AS many as three coastal First Nations could sign on for a share of the Enbridge Northern Gateway pipeline project in the coming months, says an aboriginal leader closely identified with the project.
They will join 28 First Nations and Metis groups who have already negotiated deals for their portions of the 10 per cent of the project set aside for aboriginal ownership, says Bruce Dumont, the president of the Metis Nation of B.C.
Dumont, along with three other aboriginal leaders, are referred to as stewards representing those who have become aboriginal equity partners in the project.
Those aboriginal partners are First Nations and others with land interests along the planned Northern Gateway pipeline route which spans 1,170 kilometres from Bruderheim, Alberta to Kitimat.
Should it be built, there will be two pipelines running parallel to each other –– one to carry crude from Alberta to a marine export terminal at Kitimat and a second to import an oil-thinning agent known as condensate which then makes it easier to pump crude through pipelines.
“Those agreements have been underway for quite awhile,” said Dumont of the three pending deals with coastal First Nations.
“I can tell you there is support and there is more support to come,” Dumont added of the Northern Gateway project.
Those First Nations who are partners in Northern Gateway went through what he called a “learning process” to better understand how the pipeline will be built, what its economic and other benefits will be and what environmental protection measures will be in place.
Dumont said the 10 per cent aboriginal ownership stake of the Northern Gateway project, now estimated to cost in excess of $8 billion, provides First Nations and Metis with needed business and employment opportunities and a say in how it is developed.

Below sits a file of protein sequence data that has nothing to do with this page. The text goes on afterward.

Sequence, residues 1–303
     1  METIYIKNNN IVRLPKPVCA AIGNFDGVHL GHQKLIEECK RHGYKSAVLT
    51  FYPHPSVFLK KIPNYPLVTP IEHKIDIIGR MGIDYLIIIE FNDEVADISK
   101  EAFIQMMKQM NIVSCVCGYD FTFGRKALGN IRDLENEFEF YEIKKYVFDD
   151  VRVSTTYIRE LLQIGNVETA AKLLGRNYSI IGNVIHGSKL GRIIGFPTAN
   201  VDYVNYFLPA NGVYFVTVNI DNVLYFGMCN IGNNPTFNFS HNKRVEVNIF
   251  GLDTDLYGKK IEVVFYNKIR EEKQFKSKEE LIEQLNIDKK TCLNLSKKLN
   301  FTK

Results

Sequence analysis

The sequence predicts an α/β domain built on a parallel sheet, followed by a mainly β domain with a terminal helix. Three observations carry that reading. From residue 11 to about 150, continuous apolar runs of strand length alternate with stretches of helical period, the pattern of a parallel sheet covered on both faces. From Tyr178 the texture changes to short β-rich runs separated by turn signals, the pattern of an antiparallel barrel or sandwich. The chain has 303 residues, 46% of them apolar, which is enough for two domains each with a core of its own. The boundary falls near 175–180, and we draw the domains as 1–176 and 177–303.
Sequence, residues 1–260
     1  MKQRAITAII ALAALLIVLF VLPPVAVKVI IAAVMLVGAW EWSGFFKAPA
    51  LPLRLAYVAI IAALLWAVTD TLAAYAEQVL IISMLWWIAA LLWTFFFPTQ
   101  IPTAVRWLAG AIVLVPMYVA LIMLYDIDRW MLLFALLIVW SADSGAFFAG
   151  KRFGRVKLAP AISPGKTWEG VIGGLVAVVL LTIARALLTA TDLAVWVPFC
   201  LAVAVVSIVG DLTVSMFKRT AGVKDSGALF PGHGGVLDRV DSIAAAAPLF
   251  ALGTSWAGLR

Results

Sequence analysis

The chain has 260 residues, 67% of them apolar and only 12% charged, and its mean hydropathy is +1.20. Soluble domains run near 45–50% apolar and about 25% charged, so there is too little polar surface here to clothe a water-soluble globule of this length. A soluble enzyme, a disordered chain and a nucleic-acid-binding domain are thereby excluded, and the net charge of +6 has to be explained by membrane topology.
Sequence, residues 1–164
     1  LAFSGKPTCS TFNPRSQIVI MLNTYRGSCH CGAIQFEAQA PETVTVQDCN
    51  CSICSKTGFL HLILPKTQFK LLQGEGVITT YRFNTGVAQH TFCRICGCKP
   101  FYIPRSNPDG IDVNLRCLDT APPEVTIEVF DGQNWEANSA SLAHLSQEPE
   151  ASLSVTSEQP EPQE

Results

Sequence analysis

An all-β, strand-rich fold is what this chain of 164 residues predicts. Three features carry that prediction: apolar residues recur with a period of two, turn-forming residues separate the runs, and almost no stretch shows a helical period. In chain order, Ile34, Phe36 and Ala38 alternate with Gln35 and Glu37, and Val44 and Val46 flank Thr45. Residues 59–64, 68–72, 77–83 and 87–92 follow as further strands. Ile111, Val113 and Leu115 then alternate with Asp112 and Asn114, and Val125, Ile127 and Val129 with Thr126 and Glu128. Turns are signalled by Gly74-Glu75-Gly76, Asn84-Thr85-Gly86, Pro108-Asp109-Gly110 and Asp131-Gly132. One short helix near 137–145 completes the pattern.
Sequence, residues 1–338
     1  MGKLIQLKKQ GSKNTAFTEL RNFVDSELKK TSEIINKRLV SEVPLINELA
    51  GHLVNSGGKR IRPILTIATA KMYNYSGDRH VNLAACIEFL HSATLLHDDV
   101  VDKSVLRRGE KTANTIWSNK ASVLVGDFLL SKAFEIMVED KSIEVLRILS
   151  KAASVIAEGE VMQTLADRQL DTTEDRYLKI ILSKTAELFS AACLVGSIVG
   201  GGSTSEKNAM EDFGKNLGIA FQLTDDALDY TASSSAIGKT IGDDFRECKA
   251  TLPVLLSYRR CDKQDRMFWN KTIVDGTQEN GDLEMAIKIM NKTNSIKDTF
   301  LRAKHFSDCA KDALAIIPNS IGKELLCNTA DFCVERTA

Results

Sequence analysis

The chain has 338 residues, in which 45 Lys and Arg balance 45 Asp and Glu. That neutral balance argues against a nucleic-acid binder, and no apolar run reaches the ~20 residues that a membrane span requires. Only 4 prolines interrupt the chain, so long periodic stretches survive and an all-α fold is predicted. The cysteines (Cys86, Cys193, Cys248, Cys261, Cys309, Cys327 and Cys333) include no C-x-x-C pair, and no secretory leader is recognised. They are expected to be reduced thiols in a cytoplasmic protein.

“What we are, are owners. We speak as owners of the pipeline,” added Dumont indicating the 10 per cent aboriginal stake works out to $800 million in equity.
That $800 million figure, Dumont continued, represents a big step forward for aboriginal groups eager to build economic self-reliance.
The money for the groups to take up the 10 per cent aboriginal stake in the project will be borrowed from the same financiers who will back Enbridge itself and be repaid from the groups’ share of pipeline use revenues.
Whether those three coastal First Nations will be identified when they sign their ownership deals is up to them, said Dumont.
“There is a clause that keeps it confidential but it is a decision they can make,” he said.
The 28 already-signed agreements represent more than half of the 45 groups eligible for an ownership stake.
To date the only First Nations and Metis groups to disclose they have signed ownership agreements are those of the four stewards.
In addition to Dumont from the Metis Nation of B.C. that list takes in Gitxsan hereditary chiefs through the Gitxsan Treaty Society as represented by Elmer Derrick, a Terrace resident, Elmer Ghostkeeper of the Buffalo Lake Metis Settlement in Alberta and David MacPhee of the Aseniwuche Winewak Nation, also in Alberta.
Derrick’s signing of the Gitxsan agreement in 2011 resulted in large-scale opposition within the Gitxsan communities in the Hazeltons and a six-month blockade of the treaty office.
Dumont said that the aboriginal equity group is close to opening an office in Terrace to better explain the group’s purpose.
First announced more than a decade ago, the planned Northern Gateway project quickly became a focal point of First Nations, environmental groups and northern local government opposition.
There are worries over its environmental impacts, particularly should there be either a spill from the pipeline or a tanker accident in coastal waters.
The project does have federal environmental approval pending it meets 209 conditions but the provincial government remains opposed, saying it has so far failed in five key areas including economic benefits to B.C. and what it terms “world-class” response plans in case of land and marine oil spills.
As well, the new federal Liberal government has said it will follow through on an election promise last year to ban crude oil tankers from B.C.’s north coast.
What shape that will take is still unknown although federal transport minister Marc Garneau was in Prince Rupert recently to speak with First Nations and others.
Last month the B.C. Supreme Court also ruled the provincial government failed in its obligations to coastal First Nations when it agreed the federal government should hold a single project review.